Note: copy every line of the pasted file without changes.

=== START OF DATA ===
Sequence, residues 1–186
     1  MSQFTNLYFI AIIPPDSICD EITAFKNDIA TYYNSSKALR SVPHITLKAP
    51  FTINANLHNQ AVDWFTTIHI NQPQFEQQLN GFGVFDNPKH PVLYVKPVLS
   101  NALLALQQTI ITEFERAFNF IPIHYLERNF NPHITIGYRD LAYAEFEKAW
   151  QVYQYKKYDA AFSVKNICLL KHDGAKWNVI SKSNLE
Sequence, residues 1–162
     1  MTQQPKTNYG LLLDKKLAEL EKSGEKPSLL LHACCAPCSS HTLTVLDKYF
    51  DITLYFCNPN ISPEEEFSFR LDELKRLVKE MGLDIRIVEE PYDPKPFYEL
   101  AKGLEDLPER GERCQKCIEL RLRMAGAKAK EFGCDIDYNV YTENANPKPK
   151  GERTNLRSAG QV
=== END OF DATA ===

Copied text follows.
Sequence, residues 1–186
     1  MSQFTNLYFI AIIPPDSICD EITAFKNDIA TYYNSSKALR SVPHITLKAP
    51  FTINANLHNQ AVDWFTTIHI NQPQFEQQLN GFGVFDNPKH PVLYVKPVLS
   101  NALLALQQTI ITEFERAFNF IPIHYLERNF NPHITIGYRD LAYAEFEKAW
   151  QVYQYKKYDA AFSVKNICLL KHDGAKWNVI SKSNLE
Sequence, residues 1–162
     1  MTQQPKTNYG LLLDKKLAEL EKSGEKPSLL LHACCAPCSS HTLTVLDKYF
    51  DITLYFCNPN ISPEEEFSFR LDELKRLVKE MGLDIRIVEE PYDPKPFYEL
   101  AKGLEDLPER GERCQKCIEL RLRMAGAKAK EFGCDIDYNV YTENANPKPK
   151  GERTNLRSAG QV